By Sarah Bennett
By Adam Lovinus
By Jena Ardell
By Nate Jackson
By Gustavo Arellano
By Nick Keppler
By Nate Jackson
By Alex Distefano
Photo by Jack GouldChris Schlarb and Pete Deeble don't want to become rock stars, don't want to get famous, don't want to ride through their Long Beach neighborhoods in shiny new Benzos, don't want to snort nose candy through rolled hundred dollar bills off the naked thighs of gorgeous brown-skinned porn stars, and don't want to have hot guy-on-girl-on-guy action whilst hurtling through the Midwest aboard an impossibly huge, phallic tour bus.
So . . . they're freaks, yes? Maybe—but in a good kinda way.
Schlarb and Deeble, you see, have dedicated themselves to putting out music for the sheer passion of it. Which in and of itself isn't a big deal—jeez, there are hordes of local musicians who do that every weekend. But unlike the legions of like-minded music makers and indie-label owners who fantasize of someday, one day, maybe making it mega, Schlarb and Deeble are all but guaranteed never to have much of an aural impact outside the Snooptown city limits.
The concept behind their new compilation, Jazz, was to gather five largely instrumental Long Beach bands who make music outside the norm—not necessarily jazz music in the traditional sense, either, unless you're a student of the anything-goes Ornette Coleman school—give each a couple of tracks on a CD, and listen to what happens.
"Calling it Jazz was really kind of a punk thing," Deeble explains. "We just as easily could have called it Punk, but 'punk' is overused today, so we went with something more interesting. We use the word more as a framing device, though the music isn't intended to be viewed as the kind of jazz most people think of."
Sidecar, for instance, isn't jazz at all, not even close—more like dreamy, breathy, ethereal new age. One of the combo's two Jazz tracks, "Quadrant 7," actually comes off more annoying than intriguing, and if you buy the compilation expecting to hear actual jazz music, you'll wind up begging for a stray horn bleat during Sidecar's slot. Slippers, meanwhile, make moody, almost loungey cocktail music, sounds to mellow out to after a night of binge drinking or booty-bangin'. Crankcase craft fun, fresh, improvised Grateful Dead-like jams. The Dub Kinetics do a blend of funktified reggae, heavy on groove, adventure and mystery. Dark auras filter in on their "Return of the Congo," where strange percussion sounds create a feeling of being amongst jungle wildlife; the music is played so loose and spontaneous you're never sure where they're taking you. And you like this not-knowing.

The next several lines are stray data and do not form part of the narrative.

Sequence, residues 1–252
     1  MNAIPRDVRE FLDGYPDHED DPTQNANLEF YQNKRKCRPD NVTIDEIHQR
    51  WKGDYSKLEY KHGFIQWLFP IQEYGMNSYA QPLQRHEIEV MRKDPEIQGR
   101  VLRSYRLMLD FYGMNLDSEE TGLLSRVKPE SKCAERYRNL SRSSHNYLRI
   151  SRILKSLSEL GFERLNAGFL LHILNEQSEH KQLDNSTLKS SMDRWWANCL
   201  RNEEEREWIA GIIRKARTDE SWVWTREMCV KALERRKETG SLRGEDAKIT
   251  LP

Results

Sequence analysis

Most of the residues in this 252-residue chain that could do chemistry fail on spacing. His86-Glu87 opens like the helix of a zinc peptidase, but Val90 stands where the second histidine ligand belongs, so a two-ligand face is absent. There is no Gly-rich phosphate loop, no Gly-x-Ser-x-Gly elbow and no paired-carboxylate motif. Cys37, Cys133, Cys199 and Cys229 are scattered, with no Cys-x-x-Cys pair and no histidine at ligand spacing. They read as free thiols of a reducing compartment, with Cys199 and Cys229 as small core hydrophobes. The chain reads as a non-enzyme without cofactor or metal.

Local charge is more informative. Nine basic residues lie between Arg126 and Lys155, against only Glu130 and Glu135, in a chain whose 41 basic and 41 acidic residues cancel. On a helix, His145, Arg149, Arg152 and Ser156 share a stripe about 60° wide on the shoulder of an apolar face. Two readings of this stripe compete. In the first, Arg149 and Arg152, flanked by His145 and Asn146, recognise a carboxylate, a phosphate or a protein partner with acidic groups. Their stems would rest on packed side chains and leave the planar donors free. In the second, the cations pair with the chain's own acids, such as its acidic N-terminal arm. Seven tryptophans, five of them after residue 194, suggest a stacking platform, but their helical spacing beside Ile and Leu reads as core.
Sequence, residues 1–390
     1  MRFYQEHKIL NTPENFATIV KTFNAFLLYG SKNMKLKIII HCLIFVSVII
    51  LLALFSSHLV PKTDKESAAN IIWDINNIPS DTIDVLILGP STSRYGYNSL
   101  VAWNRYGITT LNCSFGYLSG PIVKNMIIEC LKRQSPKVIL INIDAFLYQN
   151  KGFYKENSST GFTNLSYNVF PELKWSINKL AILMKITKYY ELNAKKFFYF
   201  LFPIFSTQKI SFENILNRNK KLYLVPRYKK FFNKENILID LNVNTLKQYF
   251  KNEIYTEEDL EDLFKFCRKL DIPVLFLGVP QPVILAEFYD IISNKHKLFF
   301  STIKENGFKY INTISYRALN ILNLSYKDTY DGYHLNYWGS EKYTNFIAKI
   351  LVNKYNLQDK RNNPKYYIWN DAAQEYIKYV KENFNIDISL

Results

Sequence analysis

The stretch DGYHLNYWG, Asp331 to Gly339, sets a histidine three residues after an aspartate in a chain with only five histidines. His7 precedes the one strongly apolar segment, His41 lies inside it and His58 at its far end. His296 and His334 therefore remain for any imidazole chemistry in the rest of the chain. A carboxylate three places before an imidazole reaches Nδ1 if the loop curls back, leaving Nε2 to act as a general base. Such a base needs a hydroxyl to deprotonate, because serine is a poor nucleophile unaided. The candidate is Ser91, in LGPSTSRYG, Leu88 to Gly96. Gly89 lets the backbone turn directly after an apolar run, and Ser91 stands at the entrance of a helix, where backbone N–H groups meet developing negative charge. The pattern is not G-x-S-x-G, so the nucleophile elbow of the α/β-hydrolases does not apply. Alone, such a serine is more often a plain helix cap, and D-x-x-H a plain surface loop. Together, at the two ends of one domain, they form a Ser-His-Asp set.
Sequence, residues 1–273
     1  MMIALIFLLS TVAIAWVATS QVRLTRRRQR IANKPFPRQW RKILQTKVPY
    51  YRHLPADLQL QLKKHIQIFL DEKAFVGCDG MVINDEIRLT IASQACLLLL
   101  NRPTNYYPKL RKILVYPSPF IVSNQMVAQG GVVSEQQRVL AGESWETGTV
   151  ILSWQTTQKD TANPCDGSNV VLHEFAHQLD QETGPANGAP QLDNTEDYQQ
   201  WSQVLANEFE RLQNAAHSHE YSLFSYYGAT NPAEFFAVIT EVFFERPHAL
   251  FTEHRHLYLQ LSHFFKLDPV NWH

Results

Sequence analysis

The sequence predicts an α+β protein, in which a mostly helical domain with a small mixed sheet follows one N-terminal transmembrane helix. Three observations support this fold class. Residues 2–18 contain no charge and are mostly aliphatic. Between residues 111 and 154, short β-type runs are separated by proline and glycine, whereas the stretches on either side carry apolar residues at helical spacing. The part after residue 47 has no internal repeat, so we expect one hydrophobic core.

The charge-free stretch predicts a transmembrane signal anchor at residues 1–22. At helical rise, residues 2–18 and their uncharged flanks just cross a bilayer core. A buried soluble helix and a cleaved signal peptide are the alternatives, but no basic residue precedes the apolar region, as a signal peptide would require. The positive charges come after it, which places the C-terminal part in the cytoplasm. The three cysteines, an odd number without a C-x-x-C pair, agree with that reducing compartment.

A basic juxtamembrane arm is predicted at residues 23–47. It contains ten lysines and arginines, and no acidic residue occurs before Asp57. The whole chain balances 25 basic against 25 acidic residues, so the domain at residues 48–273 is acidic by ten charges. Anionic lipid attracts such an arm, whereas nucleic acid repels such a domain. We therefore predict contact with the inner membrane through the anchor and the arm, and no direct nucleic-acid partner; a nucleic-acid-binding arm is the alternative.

And then there's Create (!)—the exclamation point is theirs—the most joyously whacked-out of the five Jazz bands, who open their three-tune segment with some random horn bleatings, as if tuning up, before diving into schizoid drum patterns layered beneath bizarre tribal chanting and trombones and trumpets that grunt and whine as if the people blowing into them were being castrated right there in the studio. Everything beyond that is a freaky, John Zorn-ish amalgam of the unexpected: Latin percussion pumping; instruments that sound like gaggles of infants screaming at one another; weird electronic noodlings; strangled violins; low, rumbling bass lines. Jazz reaches its denouement with Create (!)'s "Angry Elephants and the Silly Circus," which sounds just like the title—spaced-out cartoon music, like a pair of pachyderms boning in a mudpit.
"We're definitely an acquired taste," says Schlarb, who plays guitar and "toys" in Create (!). "I'm sure we've freaked some people out."
But people need to be freaked out every now and then, grabbed by the neck and jerked around until they're made aware there are aural alternatives to what they're hearing on the radio and seeing in clubs. And that, ultimately, is what Jazz is all about.
"Everyone on the comp is creating music that there really isn't a market for," Deeble points out, "but we're making it anyway because we like it. That's the whole idea—let's take these groups that have these little networks of maybe a couple of hundred people who know who they are, put them together, and then we can share one another's networks."
"We're both trying to get eclectic, interesting, non-conformist, non-commercial music out to people," says Schlarb. "That's why Pete and I are doing this stuff together—it's difficult to do by yourself because you'll get beat down day after day. You really have to do it for the love; you want to put out something beautiful. There's too much awful stuff out there now, so why contribute to it?"A CD-release party for Jazz, with live performances, takes place at Monsoon's Art Cafe, 2751 E. Broadway, Long Beach, (562) 433-6500. Sat., 9 p.m. $5; Jazz is available at Fingerprints Records, 4612 E. Second St., Long Beach, (562) 433-4996; Aron's Records, 1150 N. Highland, Los Angeles, (323) 469-4700; and Rhino Records, 235 Yale Ave., Claremont, (909) 626-7774. Tracks from Jazz can be downloaded at www.soundsareactive.com or www.peterecords.com.